And now, for comparison, let us consider the proposal of a third small local district. Their enrollment has been growing (as more and more kids are pulled from the big district by their parents and moved to a district where little Johnny might get taught to read) and their building is wearing out. The school board's proposal is to use already allocated capital funds from the county (the county sets aside a certain percentage of their budget to be divided equally among school districts in the county to be distributed any time a district requests them for capital improvements - ie buildings and long-term equipment like buses but NOT educational materials like text books or classroom furnishings) along with the district's own "reserve fund" (aka SAVINGS) and, utilizing local contractors, make the repairs needed to bring the building up to standards. They don't need to go to the voters about this because they're not asking the taxpayers for any money. They're using money that's already there and designated for just such instances. They're not planning any athletic facilities. These improvements will be made to the science classrooms, the ag classrooms, and the social studies classrooms. The intent of the improvements is to increase safety and improve structural integrity.
Guess which of these districts I would send my kids to if I were forced to put them back in public school? Yep, the third one. Even though it's the farthest from our home, makes the least effort to be "accessible" to out-of-district students (ie no "transfer" bus runs to town to pick up out-of-district kids that attend), and has a reputation for an "aloof" and "snobby" student body. They boast no exceptional athletics programs and offer very little in the way of "options" to students, not even the options I personally value. By way of "enrichment" they encourage participation in state-sponsored (and funded) programs such as academic UIL. But at least they respect the taxpayers in their district enough to not burden them with additional taxes for things outside the purview of the public school. And they respect their students enough not to burden THEM with bonds that the students will be paying for long after they graduate.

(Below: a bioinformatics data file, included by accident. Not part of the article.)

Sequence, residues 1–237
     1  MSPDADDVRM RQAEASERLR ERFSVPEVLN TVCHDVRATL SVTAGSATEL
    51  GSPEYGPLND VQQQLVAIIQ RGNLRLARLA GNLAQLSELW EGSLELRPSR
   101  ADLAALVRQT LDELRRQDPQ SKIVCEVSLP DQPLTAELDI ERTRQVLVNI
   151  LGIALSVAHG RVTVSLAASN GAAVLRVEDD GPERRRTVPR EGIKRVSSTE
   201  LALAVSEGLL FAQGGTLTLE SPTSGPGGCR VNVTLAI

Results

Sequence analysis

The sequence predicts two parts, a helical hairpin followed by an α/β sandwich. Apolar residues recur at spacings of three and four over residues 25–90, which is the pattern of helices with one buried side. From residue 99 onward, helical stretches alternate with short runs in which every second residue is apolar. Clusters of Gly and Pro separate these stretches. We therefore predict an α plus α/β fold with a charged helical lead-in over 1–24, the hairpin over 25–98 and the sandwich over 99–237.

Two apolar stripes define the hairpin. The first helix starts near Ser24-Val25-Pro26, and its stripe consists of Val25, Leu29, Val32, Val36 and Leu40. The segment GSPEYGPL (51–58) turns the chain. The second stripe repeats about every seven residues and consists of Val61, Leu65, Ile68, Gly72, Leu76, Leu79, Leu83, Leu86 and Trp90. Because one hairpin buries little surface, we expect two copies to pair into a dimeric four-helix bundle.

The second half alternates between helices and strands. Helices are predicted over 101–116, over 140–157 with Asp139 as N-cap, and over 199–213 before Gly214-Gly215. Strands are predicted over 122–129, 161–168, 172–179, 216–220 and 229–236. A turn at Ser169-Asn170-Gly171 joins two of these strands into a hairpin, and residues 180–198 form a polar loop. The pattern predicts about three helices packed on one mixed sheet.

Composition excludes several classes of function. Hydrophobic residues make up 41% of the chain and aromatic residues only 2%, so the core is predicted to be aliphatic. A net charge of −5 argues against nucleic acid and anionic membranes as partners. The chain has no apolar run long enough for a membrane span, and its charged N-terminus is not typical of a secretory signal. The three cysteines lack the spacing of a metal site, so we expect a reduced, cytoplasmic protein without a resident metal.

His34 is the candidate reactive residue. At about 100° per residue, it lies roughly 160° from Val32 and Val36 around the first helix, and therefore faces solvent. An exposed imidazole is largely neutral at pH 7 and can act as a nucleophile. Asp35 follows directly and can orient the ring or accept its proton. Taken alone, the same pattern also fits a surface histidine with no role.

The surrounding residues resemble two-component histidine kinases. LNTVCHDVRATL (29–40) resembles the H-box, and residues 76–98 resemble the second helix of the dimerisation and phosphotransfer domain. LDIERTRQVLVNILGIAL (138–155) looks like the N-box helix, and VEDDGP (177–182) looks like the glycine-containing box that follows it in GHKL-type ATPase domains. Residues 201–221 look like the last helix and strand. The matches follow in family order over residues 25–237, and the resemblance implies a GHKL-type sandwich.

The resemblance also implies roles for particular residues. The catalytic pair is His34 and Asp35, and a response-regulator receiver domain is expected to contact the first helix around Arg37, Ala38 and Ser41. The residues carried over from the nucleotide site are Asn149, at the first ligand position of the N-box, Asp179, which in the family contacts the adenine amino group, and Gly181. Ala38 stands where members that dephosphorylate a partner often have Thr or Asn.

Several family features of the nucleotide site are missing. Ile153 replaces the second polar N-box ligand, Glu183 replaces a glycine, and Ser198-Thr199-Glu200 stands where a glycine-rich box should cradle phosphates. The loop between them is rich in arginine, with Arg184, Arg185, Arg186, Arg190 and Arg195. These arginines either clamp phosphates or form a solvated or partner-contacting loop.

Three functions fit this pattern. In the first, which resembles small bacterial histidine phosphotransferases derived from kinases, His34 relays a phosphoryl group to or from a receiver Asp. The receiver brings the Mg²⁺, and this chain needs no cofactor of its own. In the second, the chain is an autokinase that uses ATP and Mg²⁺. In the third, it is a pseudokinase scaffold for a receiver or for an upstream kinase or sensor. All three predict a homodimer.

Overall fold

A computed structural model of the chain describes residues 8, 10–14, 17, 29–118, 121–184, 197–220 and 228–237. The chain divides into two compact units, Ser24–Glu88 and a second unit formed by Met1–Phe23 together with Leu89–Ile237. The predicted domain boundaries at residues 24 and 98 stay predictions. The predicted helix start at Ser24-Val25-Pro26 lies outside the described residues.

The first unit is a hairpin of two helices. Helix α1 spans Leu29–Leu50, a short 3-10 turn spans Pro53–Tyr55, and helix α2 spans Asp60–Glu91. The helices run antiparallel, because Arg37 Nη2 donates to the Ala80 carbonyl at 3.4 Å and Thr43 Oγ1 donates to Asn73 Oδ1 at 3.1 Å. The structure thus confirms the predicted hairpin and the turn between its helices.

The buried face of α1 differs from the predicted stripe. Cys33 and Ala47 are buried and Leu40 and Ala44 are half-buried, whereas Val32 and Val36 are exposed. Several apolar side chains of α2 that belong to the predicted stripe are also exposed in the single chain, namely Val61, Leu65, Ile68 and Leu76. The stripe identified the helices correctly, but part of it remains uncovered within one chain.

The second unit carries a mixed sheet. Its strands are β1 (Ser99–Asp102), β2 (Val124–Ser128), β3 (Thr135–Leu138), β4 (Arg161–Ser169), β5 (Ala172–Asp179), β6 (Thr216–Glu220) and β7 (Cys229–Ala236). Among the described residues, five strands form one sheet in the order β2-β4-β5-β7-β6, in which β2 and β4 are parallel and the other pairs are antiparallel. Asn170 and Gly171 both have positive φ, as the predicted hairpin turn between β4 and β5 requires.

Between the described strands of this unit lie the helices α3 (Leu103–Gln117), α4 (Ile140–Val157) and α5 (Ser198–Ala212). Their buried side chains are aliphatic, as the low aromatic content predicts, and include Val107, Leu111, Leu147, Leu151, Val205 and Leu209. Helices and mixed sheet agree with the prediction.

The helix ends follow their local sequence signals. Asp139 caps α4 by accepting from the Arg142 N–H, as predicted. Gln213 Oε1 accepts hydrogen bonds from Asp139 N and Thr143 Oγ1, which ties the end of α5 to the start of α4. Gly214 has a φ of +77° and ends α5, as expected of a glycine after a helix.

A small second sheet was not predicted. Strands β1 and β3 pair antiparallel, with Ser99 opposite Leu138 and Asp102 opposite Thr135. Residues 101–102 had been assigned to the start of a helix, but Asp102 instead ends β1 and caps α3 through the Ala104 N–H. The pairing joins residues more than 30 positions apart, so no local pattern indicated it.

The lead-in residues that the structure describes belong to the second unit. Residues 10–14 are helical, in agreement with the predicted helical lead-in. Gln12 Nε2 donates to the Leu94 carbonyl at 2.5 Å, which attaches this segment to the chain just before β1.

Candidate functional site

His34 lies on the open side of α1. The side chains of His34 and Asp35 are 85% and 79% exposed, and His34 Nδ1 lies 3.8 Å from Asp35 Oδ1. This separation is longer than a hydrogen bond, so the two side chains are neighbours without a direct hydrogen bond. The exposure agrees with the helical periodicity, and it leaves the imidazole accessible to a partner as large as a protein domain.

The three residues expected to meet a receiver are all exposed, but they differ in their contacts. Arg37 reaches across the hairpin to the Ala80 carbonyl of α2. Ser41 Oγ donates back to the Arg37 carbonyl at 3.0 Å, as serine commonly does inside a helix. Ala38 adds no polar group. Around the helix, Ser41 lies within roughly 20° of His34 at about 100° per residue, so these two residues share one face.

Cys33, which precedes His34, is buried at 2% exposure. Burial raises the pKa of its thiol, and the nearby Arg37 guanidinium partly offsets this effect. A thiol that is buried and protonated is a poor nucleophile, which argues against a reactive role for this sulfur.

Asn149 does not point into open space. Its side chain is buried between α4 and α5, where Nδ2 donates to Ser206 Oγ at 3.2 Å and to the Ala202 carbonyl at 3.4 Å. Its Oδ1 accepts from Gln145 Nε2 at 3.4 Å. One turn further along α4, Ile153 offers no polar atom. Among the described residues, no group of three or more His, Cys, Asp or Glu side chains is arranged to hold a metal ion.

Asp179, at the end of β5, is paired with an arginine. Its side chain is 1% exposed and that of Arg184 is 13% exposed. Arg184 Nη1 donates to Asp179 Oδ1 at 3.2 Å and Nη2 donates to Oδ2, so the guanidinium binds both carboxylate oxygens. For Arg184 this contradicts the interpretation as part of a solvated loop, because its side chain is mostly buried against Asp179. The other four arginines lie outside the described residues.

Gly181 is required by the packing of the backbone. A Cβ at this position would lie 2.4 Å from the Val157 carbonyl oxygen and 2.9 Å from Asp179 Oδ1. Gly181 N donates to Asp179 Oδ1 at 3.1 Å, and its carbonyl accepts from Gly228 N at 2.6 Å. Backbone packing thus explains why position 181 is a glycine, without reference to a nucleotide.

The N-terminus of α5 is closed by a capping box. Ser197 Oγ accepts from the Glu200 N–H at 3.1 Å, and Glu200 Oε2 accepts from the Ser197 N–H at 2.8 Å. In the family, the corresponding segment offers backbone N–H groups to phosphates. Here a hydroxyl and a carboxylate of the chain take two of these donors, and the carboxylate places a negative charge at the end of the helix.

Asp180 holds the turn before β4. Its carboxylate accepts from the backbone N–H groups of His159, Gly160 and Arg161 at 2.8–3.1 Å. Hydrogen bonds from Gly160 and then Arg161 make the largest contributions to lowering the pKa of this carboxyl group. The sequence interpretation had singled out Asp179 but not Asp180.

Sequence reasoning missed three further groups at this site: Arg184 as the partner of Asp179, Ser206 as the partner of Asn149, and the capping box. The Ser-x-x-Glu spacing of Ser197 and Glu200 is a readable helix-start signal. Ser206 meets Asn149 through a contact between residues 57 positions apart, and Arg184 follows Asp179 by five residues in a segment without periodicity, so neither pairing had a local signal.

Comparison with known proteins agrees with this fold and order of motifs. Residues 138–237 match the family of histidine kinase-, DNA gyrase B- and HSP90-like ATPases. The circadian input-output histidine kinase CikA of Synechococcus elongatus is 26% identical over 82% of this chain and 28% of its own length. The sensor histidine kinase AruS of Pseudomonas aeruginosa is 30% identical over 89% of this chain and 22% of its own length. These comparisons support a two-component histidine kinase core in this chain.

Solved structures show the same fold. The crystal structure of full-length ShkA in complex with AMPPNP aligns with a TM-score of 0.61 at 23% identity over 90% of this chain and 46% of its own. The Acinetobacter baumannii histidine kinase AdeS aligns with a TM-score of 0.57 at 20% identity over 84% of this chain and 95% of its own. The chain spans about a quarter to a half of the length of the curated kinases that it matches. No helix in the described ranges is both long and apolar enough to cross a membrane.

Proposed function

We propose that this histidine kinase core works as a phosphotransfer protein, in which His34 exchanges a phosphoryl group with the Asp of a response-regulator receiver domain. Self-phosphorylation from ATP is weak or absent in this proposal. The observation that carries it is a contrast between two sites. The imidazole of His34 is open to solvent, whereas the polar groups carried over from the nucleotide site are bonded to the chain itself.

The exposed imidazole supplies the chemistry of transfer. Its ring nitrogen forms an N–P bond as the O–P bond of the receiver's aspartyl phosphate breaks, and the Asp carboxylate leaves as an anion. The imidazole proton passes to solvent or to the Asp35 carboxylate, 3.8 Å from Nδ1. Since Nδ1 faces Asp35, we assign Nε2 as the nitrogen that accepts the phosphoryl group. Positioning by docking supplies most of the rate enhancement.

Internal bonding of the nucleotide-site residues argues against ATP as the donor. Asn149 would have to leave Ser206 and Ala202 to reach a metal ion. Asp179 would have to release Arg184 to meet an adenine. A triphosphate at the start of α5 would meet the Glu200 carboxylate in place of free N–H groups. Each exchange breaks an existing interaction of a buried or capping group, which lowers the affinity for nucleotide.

For the record, I only get a vote in the first bond proposal I mentioned. And I think you can guess how I'm planning to vote. I would vote the same way if my kids attended the school in question. In the words of one of the anti-bond ads, "Surely a school originally built to house 900 students can be refitted to serve 400 for something less than the cost of building a multi-million dollar sports stadium."